Imagine that you live on an island in a huge ocean. There are thousands of other islands
all around you, some very close and others farther away. The normal way to travel is to
take a ferry from your island to whichever island you wish to visit. Of course, traveling
on a ferry means that you have almost no privacy. Anything you do can be seen by
Let's say that each island represents a private LAN and the ocean is the Internet.
Traveling by ferry is like connecting to a Web server or other device through the Internet.
You have no control over the wires and routers that make up the Internet, just like you
have no control over the other people on the ferry. This leaves you susceptible to security
issues if you are trying to connect between two private networks using a public resource.
Continuing with our analogy, your island decides to build a bridge to another island so
that there is easier, more secure and direct way for people to travel between the two. It is
expensive to build and maintain the bridge, even though the island you are connecting
with is very close. But the need for a reliable, secure path is so great that you do it
anyway. Your island would like to connect to a second island that is much farther away
but decides that the cost are simply too much to bear.
This is very much like having a leased line. The bridges (leased lines) are separate from
the ocean (Internet), yet are able to connect the islands (LANs). Many companies have
chosen this route because of the need for security and reliability in connecting their
remote offices. However, if the offices are very far apart, the cost can be prohibitively
high -- just like trying to build a bridge that spans a great distance.
So how does VPN fit in? Using our analogy, we could give each inhabitant of our islands
a small submarine. Let's assume that your submarine has some amazing properties:
It's easy to take with you wherever you go.
It's able to completely hide you from any other boats or submarines.
It costs little to add additional submarines to your fleet once the first is purchased.
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VPN Security: Firewalls
A well-designed VPN uses several methods for keeping your connection and data secure:
In the following sections, we'll discuss each of these security methods. We'll start with
A firewall provides a strong barrier between your private network and the Internet. You
can set firewalls to restrict the number of open ports, what type of packets are passed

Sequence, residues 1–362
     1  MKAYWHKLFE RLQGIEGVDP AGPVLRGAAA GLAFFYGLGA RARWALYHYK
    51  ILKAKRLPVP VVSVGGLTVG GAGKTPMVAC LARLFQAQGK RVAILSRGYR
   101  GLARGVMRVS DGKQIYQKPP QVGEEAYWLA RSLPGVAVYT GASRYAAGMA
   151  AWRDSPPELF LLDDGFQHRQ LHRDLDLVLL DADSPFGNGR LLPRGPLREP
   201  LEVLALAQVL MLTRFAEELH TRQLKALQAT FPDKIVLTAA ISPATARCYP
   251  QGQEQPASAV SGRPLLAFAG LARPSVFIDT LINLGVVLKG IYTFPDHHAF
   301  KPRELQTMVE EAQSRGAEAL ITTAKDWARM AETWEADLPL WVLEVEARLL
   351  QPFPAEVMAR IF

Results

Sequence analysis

through and which protocols are allowed through. Some VPN products, such as Cisco's
1700 routers, can be upgraded to include firewall capabilities by running the appropriate
Cisco IOS on them. You should already have a good firewall in place before you
implement a VPN, but a firewall can also be used to terminate the VPN sessions.
VPN Security: Encryption
Encryption is the process of taking all the data that one computer is sending to another
and encoding it into a form that only the other computer will be able to decode. Most
computer encryption systems belong in one of two categories:
In symmetric-key encryption, each computer has a secret key (code) that it can use to
encrypt a packet of information before it is sent over the network to another computer.
Symmetric-key requires that you know which computers will be talking to each other so
you can install the key on each one. Symmetric-key encryption is essentially the same as
a secret code that each of the two computers must know in order to decode the
information. The code provides the key to decoding the message. Think of it like this:
You create a coded message to send to a friend in which each letter is substituted with the
letter that is two down from it in the alphabet. So "A" becomes "C," and "B" becomes
"D". You have already told a trusted friend that the code is "Shift by 2". Your friend gets
the message and decodes it. Anyone else who sees the message will see only nonsense.
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Public-key encryption uses a combination of a private key and a public key. The
private key is known only to your computer, while the public key is given by your
computer to any computer that wants to communicate securely with it. To decode an
encrypted message, a computer must use the public key, provided by the originating
computer, and its own private key. A very popular public-key encryption utility is
called Pretty Good Privacy (PGP), which allows you to encrypt almost anything.
You can find out more about PGP at the PGP site.
VPN Security: IPSec
Internet Protocol Security Protocol (IPSec) provides enhanced security features such as
better encryption algorithms and more comprehensive authentication.
Photo courtesy Cisco Systems, Inc.
A remote-access VPN utilizing IPSec
IPSec has two encryption modes: tunnel and transport. Tunnel encrypts the header and
the payload of each packet while transport only encrypts the payload. Only systems that
are IPSec compliant can take advantage of this protocol. Also, all devices must use a